Australia struggle despite Mendis' absence
So much of Australia's preparation for the first Test revolved around the perceived threat of Ajantha Mendis that the tourists were given something of a shock when they heard he was not part of the team. Alongside Lasith Malinga, who has retired from Tests, Mendis had been responsible for much of the most panicky Australian batting in the limited-overs portion of the tour, and there was still some trepidation on the way to the ground on match morning.
Australia's subsequent progress on the first day in Galle was extremely wobbly on a pitch that tended towards the spiteful, but they were aided by a Sri Lanka team that was curious in its construction. If the tourists' had sighed with relief when Malinga reiterated his decision to retire from Test cricket at the conclusion of the ODI series, they were whooping with delight to discover that Mendis had been omitted from the Sri Lanka XI.
Mendis' Test match returns have diminished down the years against opponents who have got a proper sight of him but Australia are not one of those teams. While the Australia Twenty20 and ODI sides had plenty of opportunity to sight Mendis' variations in the fixtures that preceded the Tests, there are five members of the Test team - Phil Hughes, Usman Khawaja, Trent Copeland, Ryan Harris and Nathan Lyon - who have never faced Mendis before. Another, Brad Haddin, seemed no closer to solving his riddles at the end of the ODIs than he had been at the start.
Assisted by Mendis' absence, Australia struggled on via the admirably broad bat of Michael Hussey. Some of the other batsmen, Michael Clarke and Ricky Ponting in particular, could be censured for inattentiveness, and their mistakes made Hussey's contribution all the more spinal. His accomplishment against slow bowling and on subcontinent pitches is clear - since 2008 he has averaged 65.29 when facing the tweakers, soaking up an average of 141.7 balls while doing so - but the variations presented by Herath and the pitch made this a most noteworthy effort.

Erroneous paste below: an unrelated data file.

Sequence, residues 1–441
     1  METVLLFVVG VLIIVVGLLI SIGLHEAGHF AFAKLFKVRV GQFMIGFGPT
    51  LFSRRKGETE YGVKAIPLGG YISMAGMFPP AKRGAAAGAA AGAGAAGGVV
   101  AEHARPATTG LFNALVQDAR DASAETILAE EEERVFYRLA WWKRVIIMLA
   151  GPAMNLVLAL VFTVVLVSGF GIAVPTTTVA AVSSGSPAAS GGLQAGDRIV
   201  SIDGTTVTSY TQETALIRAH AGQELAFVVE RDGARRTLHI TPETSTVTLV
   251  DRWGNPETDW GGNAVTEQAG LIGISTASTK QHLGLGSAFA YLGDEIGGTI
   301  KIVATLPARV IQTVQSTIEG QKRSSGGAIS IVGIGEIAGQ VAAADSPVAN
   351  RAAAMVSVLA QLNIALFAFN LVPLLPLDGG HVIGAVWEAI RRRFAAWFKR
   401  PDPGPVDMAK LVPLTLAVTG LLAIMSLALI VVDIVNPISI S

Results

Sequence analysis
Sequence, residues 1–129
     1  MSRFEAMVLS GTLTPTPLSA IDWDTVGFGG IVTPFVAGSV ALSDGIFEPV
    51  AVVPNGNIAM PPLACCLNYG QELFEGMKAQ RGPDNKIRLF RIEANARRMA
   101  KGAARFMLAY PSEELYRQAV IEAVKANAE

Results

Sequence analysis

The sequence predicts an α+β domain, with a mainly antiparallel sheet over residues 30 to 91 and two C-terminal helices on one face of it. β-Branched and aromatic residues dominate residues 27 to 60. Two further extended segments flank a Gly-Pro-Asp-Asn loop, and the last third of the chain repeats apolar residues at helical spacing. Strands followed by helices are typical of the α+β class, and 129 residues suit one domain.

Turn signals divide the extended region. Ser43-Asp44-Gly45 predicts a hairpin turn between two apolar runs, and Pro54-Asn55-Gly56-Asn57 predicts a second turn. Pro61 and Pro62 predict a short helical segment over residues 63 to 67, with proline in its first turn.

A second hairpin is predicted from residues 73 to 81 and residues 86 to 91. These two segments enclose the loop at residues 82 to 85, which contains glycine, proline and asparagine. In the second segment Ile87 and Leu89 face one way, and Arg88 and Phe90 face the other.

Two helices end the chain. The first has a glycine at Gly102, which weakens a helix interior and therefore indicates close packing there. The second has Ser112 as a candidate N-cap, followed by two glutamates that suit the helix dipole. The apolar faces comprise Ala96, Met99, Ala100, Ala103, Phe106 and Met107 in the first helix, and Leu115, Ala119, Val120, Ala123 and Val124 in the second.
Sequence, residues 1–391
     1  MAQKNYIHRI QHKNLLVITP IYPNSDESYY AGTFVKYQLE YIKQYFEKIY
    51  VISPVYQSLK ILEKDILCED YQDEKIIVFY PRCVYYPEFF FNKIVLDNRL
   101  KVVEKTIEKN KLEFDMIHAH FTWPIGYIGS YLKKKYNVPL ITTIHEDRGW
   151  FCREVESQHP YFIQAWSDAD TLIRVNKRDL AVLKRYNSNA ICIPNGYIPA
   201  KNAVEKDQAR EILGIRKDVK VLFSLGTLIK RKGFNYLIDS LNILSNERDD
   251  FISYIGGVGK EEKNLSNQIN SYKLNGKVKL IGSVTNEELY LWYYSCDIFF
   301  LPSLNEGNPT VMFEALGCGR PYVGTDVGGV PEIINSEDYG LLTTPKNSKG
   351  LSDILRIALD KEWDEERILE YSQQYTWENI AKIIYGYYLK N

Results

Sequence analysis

Of those watching from the dressing room, no-one should have been observing Hussey more closely than Khawaja, whose first two balls in subcontinent Test cricket were not for the squeamish. Arriving at the wicket following Ponting's failure to get to the pitch of a Rangana Herath delivery, Khawaja aimed an expansive drive at his first delivery and could manage only an inside edge into his back pad as the ball turned back at him. Next Herath offered a straighter variation to which Khawaja played for spin and was beaten conclusively on the outside edge. While subcontinent flourishes do exist in Khawaja's game, he can learn a great deal from Hussey, who began life as a stolid opener and gained an affinity for spin only with time and great care.
Hussey's form entering into the Test had been indifferent, and the observations of the Argus review about selection needing to be based more squarely on performance were clearly made with cases like his in mind. For too long leading into the Ashes, Hussey had been allowed to subsist on inconsistent contributions, and would have been one of several players Simon Katich could have pointed to as proof he should have been persevered with at 35.
Nevertheless, the application evident here was equal to that demonstrated by Hussey against England, but the poor showing of most of his fellow batsmen has maintained an unhappiness in the team despite a gap of nine months and a change of captain.
With their continued troubles against spin, Australia needed all the help they could get. Mendis' omission was the closest thing to a charitable gesture.
Daniel Brettig is an assistant editor at ESPNcricinfo